Four locals to compete nationally Standouts target Olympic Festival or Junior Olympics Field hockey

June 22, 1993|By Katherine Dunn | Katherine Dunn,Staff Writer

All-Metro field hockey stars Peggy Boutilier, Julie Jakum, Lauren Volk and Kelly Naylor rank among the best locally, but next weekend they will discover how they compare to the nation's best high school players.

At the United States Field Hockey Association's Futures National Tournament in Boston, the four will compete for spots in the Olympic Festival in San Antonio, July 22-29, or the Amateur Athletic Union's Junior Olympics in Knoxville, Tenn., Aug. 1-7.

Those attending the Olympic Festival will join another Baltimore star -- Tricia Burdt, last fall's All-Metro Field Hockey Player of the Year. Although Burdt, a Mount Airy resident and St. Paul's graduate, will compete in Boston, too, she already has been chosen for San Antonio.

The most experienced of the group, Burdt is a three-time Junior Olympian who attended the USFHA's A Camp, the highest level of its Olympic-development style Futures Program. The national team is chosen from a selected pool within the A Camp.

In addition to berths in Knoxville or San Antonio, Boutilier, Jakum, Volk and Naylor will compete for invitations to the USFHA's B Camp. However, it is also possible that a few players in the tournament could be selected for the A Camp.

After playing one weekend each month from January through May at the University of Maryland, the local girls were chosen last weekend for the 14-member 18-and-under team to go to Boston.

Coaches selected 28 girls for 15-under and 18-under teams from nearly 200 Futures players in the Chesapeake region, which includes Maryland, Delaware and Georgetown, said Steve Simpson, coach of the 18-and-under team.

The Futures Program gives the girls a chance to elevate their games beyond the traditional level of high school play. Not only is the game faster on the artificial turf, but also the skill level is higher.

"For us, playing hockey is much different than playing hockey at high school," said Simpson, who also runs a club team, the

Washington Wolves, on which Burdt, Boutilier and Volk play.

"The game is much faster and we pass the ball way backward. It's much more like a good style of soccer than any hockey you're used to seeing in high school."

"Everyone knows the game a lot better," said Boutilier, who led Roland Park to a third straight Association of Independent Schools title last fall. "We push the ball backward a lot more to switch fields rather than trying to go forward all the time, and we work on game tactics. It just goes another step above the high school level."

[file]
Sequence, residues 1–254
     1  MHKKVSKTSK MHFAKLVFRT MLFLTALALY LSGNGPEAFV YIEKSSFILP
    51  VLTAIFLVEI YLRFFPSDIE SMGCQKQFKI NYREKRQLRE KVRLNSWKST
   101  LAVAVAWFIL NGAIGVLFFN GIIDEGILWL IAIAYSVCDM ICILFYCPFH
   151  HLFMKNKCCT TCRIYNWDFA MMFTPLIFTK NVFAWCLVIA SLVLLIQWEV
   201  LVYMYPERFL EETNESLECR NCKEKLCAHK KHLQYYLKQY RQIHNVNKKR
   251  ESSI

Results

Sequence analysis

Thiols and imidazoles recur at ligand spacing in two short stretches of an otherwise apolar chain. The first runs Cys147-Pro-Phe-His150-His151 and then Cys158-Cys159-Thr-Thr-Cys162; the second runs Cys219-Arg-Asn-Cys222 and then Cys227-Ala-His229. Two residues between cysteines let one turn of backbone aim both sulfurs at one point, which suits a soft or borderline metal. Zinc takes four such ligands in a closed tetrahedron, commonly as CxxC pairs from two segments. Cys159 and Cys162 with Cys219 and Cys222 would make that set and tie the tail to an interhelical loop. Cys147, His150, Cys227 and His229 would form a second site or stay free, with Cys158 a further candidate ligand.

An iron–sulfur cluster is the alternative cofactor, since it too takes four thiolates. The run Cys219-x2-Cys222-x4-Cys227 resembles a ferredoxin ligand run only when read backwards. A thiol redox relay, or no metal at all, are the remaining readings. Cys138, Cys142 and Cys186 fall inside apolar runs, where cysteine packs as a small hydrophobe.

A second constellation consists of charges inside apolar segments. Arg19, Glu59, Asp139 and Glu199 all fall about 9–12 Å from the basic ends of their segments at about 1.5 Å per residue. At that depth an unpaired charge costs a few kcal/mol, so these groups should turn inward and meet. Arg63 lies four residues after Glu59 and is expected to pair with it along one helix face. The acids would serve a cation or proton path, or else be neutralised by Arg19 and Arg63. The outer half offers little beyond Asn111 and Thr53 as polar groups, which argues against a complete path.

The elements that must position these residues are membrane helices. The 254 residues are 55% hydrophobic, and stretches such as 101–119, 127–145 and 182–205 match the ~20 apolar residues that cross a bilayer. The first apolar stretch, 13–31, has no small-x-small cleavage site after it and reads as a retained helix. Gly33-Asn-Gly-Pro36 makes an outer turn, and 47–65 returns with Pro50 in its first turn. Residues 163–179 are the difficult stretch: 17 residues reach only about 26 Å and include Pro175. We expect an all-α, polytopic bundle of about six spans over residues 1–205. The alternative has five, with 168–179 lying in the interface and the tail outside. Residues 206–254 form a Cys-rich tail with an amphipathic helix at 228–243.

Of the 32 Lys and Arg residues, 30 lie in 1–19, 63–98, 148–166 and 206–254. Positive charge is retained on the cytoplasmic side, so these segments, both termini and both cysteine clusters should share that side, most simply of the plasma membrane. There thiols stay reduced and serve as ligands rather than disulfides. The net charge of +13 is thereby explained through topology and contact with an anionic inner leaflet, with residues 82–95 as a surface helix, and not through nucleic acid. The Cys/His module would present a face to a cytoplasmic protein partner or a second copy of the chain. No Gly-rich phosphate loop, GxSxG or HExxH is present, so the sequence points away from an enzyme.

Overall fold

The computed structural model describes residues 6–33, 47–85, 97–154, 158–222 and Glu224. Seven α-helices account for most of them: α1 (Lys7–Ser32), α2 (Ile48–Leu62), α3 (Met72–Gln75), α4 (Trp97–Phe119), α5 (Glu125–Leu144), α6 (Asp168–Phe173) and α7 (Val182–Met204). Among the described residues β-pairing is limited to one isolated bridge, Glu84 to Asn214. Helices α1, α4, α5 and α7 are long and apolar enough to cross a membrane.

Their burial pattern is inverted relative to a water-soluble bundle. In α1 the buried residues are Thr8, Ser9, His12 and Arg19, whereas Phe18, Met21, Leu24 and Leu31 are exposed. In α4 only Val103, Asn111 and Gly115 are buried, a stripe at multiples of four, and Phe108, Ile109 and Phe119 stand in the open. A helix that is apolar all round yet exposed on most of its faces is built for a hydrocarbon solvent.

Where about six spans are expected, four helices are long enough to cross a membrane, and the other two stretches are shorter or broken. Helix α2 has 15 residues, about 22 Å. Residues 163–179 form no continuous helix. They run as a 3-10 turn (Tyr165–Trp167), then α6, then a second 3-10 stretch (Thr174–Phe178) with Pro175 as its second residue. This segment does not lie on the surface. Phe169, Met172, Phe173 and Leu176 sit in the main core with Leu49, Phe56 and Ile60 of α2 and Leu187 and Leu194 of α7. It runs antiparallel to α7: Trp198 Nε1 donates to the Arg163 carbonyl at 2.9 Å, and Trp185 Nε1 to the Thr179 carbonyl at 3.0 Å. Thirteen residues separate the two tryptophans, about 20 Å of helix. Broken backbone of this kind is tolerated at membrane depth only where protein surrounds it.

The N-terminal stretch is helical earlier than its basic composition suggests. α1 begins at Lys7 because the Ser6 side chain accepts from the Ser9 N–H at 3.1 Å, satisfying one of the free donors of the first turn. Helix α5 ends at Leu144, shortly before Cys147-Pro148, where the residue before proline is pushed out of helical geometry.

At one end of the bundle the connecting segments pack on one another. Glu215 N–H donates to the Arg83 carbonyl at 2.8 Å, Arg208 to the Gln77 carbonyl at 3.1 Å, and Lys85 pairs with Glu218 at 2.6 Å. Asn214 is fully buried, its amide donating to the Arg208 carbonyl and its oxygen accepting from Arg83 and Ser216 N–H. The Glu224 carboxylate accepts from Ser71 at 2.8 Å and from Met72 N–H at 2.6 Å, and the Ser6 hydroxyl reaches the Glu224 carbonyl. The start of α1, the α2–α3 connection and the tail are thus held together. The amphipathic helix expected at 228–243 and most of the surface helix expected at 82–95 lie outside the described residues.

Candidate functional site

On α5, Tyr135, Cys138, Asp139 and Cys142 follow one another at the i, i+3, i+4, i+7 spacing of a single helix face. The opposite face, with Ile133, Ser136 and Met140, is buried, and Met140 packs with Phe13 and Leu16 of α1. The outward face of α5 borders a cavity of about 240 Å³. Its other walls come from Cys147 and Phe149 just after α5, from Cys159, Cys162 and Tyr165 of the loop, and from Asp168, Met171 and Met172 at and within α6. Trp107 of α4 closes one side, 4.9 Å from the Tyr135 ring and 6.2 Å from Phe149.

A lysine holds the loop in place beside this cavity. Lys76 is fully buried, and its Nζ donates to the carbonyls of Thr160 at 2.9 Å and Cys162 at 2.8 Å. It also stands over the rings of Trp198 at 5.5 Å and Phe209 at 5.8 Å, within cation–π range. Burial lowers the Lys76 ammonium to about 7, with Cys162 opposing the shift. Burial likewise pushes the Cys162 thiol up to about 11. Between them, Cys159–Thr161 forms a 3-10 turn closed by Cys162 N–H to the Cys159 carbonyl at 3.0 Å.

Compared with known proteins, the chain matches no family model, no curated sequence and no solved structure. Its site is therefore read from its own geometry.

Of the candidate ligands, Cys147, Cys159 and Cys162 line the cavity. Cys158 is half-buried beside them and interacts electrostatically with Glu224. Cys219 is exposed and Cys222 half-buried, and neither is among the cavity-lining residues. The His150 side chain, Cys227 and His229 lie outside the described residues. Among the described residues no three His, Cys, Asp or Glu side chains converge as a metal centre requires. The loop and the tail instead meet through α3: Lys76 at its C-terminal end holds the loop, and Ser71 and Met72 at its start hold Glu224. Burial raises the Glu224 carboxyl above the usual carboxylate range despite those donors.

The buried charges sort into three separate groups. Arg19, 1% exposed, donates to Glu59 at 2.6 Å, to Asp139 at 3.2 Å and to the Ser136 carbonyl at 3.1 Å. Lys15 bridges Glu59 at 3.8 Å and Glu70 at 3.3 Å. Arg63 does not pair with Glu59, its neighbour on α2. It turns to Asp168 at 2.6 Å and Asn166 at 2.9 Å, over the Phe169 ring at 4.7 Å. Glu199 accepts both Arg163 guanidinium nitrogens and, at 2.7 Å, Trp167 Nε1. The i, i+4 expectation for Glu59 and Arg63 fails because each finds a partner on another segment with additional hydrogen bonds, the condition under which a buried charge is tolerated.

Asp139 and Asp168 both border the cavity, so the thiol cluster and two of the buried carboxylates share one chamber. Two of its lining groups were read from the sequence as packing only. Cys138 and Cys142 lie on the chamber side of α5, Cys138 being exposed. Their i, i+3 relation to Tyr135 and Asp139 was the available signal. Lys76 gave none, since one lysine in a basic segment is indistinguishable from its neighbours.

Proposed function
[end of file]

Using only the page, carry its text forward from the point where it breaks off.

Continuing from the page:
Each of the players has seen her game improve with Futures involvement. Jakum, a three-year Futures veteran who made a 15-and-under Junior Olympic team in her first season, always has believed playing with better players improves her play.

"If I'm playing with the best players, I know my game is going to improve. I love watching a higher level of play, because it teaches you so much," said Jakum, a C. Milton Wright graduate and the Harford County Player of the Year last fall.

Jakum, headed for Virginia, and Burdt, who received a full scholarship to Maryland, are the only high school graduates among the five. Boutilier, Volk (Loch Raven) and Naylor (Oakland Mills) will be seniors in the fall.

Against better competition, Futures players have to be able to think and react more quickly -- perhaps none more than Naylor, the goalkeeper.

"On shots, control of the ball is so much better," said Naylor, a Columbia resident who started playing ice hockey at 7 although she didn't volunteer for the goal cage until her freshman year.

"In high school, people really can't lift the ball that well -- it's very much heads-down kind of play. People don't really think about where they're going to shoot the ball. Here, it's heads-up play; people look to place their shots. They can put the ball in the upper corner of the cage, so you have to strive to make fewer mistakes."

Volk, a Futures rookie, emerged with a better sense of the game as a whole.

"I don't just go to goal anymore," said Volk, who led the metro area in scoring last fall with 26 goals and five assists. "I look for the open player. I'm more aware of other people on the field.

That will definitely help me when I get back to Loch Raven."

Last year, Simpson's 18-and-under team finished 9-1-1, a stellar record for a Chesapeake team.

"That was sort of a rarity, because hockey around here is not as good as it is in New Jersey or around Philadelphia," said Simpson, 34, a former member of the men's junior national team. "But we take very seriously that we do well for ourselves -- not necessarily that we win, but that we play good hockey."

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